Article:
First Build Thread (sg-esque Design)

Discussion in 'Guitar Building' started by PermissionToLand, Feb 21, 2018.

  1. PermissionToLand

    PermissionToLand New Member

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    Well, here goes nothing! I have until early May to finish this, so I'll be moving rather quickly, but I've tried to do my research in advance. Still, tips are much appreciated.

    I'm starting with a partially routed blank from Warmoth; it has the neck pocket, neck PUP and control cavity (although that will be altered).

    Right now, I'm working out my templates on MDF. I'll add pictures of that tomorrow.

    GT final blueprint.jpg

    IMG_2151 sm.jpg

    Neck heel (a little sloppy, but we'll clean it up and implant a tenon):

    IMG_2171 sm.jpg
     
    Last edited: Mar 2, 2018
  2. Knarbens

    Knarbens Well-Known Member

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    Welcome to the forum!

    A tip I can give you is to not rush a guitar build. Three months is not much time. Take your time and work save :thumb:
     
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  3. PermissionToLand

    PermissionToLand New Member

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    I wish I could but I only have access to the facilities I'm using until then! But I've been designing it for the past year and researching online for the past few months, so hopefully I'm as prepared as can be.
     
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  4. aeleus

    aeleus Active Member

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    My first serious build was an SG as well (see avatar). It took me 9 months - roughly 150 hours of actual work and who knows how much time on forums like this one learning. Now, a build is about 100 hours. Most of that is because I'm building unique guitars that are my own design. It takes time to work out unforeseen issues.

    I'd be great to watch your progress, but the pictures you posted require a logon to everythingSG.com. Can you post them somewhere public?
     
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  5. PermissionToLand

    PermissionToLand New Member

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    Oh, really? Thanks for pointing that out. I've been hosting stuff there because Photobucket lost their damn minds.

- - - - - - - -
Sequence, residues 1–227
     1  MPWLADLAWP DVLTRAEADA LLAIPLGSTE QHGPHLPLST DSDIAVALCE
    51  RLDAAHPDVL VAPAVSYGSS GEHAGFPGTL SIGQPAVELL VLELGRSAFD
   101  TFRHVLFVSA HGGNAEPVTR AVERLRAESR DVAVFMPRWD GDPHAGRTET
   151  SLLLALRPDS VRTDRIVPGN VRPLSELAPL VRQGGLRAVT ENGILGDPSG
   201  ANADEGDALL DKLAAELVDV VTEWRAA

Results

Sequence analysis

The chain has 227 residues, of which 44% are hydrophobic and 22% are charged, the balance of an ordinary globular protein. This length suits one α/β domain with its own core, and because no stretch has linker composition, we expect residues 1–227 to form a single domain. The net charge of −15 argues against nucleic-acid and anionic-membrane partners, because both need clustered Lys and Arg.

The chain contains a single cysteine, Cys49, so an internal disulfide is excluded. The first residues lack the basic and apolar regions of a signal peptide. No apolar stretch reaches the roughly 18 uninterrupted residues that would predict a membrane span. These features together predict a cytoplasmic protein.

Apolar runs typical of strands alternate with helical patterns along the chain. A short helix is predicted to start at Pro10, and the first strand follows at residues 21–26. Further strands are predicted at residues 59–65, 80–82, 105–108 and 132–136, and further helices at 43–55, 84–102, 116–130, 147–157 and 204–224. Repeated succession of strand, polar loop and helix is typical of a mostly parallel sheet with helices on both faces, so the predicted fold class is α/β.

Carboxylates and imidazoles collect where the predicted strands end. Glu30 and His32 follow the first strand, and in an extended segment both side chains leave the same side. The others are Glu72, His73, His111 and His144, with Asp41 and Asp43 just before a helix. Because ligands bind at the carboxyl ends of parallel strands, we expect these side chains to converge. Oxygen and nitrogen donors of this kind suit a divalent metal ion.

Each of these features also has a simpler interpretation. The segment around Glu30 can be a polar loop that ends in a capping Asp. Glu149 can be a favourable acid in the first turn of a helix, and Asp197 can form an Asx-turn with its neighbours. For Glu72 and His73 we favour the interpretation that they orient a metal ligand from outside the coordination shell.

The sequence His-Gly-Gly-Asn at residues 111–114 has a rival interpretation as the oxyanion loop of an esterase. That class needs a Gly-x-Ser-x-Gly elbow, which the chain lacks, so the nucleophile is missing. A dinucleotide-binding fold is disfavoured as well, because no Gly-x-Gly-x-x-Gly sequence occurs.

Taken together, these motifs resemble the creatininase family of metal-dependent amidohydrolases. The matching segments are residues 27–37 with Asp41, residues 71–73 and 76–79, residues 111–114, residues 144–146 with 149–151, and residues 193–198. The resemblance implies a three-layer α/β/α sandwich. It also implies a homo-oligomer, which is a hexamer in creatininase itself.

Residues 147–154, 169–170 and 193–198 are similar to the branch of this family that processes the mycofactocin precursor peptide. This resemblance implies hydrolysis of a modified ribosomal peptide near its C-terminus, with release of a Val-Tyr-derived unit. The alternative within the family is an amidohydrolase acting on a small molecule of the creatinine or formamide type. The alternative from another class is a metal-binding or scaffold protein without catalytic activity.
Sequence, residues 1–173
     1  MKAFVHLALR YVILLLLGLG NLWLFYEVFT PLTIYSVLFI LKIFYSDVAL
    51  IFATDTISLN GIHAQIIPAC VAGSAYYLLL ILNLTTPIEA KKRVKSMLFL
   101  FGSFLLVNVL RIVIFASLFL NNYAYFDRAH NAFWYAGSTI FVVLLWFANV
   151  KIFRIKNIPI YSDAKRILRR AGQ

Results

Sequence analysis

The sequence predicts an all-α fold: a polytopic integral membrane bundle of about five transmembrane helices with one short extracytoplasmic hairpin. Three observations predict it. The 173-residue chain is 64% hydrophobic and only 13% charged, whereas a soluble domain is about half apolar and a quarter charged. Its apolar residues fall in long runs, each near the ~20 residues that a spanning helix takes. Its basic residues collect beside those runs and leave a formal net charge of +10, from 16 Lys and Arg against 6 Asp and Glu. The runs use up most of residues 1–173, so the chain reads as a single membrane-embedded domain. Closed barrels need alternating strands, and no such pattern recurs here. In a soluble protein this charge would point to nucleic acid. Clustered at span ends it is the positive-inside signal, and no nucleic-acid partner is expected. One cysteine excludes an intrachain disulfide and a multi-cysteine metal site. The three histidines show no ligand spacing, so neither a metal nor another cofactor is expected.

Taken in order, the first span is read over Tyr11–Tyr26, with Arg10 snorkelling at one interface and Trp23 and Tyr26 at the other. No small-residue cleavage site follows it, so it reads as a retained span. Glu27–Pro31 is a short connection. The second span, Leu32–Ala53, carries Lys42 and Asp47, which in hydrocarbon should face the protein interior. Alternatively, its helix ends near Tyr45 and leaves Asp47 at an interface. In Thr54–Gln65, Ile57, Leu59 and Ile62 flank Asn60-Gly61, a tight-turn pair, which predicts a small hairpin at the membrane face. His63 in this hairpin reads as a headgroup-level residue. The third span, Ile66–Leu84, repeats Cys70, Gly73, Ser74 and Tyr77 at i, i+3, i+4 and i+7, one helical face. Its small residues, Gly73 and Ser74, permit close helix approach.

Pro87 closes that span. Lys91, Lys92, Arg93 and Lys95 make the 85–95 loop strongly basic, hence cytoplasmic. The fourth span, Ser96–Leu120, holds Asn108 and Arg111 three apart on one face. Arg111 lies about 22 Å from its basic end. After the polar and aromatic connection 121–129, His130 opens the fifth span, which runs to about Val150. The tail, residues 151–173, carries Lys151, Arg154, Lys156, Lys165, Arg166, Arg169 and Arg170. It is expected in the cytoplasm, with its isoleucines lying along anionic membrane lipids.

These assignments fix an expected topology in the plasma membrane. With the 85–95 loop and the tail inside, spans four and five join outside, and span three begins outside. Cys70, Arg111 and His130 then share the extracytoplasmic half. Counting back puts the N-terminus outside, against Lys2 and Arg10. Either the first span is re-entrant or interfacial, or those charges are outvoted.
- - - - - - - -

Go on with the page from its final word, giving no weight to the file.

I figured it out now, I only uploaded them as attachments to my post at ETSG, and didn't actually upload to their media hosting section. Same platform as this forum, so FYI, you can't copy and paste the image address of anything you attach to a post here, for use somewhere else.

    I know it's a ballsy move to try and do this in this timeframe, but I'm really only worried about the painting and finishing. I feel pretty good about finishing the woodwork this month. It certainly helps a lot to have the neck pre-made. That seems to consist of a large amount of the time usually spent on a build. I'm also going to be working on this two days a week and weekends as needed, so it's not just a project of purely spare time.

    Anyway, I've cut the templates now and will be cutting the body and routing the control cavity this Sunday.

    IMG_2259 sm.jpg

    IMG_2270 sm.jpg

    IMG_2266 sm.jpg

    One issue I've hit is that the fretboard is 1/32" too long at the nut end. Fret spacing is fine, so it would be an easy fix if not for the fact that the nut seems to be super-glued in... I don't know how big of a deal that will be intonation-wise, but I can be pretty OCD about intonation. After doing some filing of the Rock Maple neck though, maybe I can hit it a little harder than I thought because that wood is fucking dense.

    I noticed the headstock shape was asymmetrical, so I shaved it down and I'm pretty damn pleased with the result:

    IMG_2260 crop.jpg
    IMG_2261 crop.jpg
     
    Last edited: Mar 2, 2018
  6. PermissionToLand

    PermissionToLand New Member

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    I'm reading your build thread now (excellent taste in SGs, by the way!). Your finish is beautiful, and similar to what i'm shooting for; I want to see the grain on the surface of the finish:

    [​IMG]

    It looks like you used Mahogany, so maybe some grain filler was still necessary. I'm using Alder (and the neck is Maple), so I won't use any.
     
  7. Heretic

    Heretic Well-Known Member

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    My first build took me about 10 months. The second about 6 months. But since then, I've done them in 3 weekends. The guitar people have responded to most (this one) took me 2 months.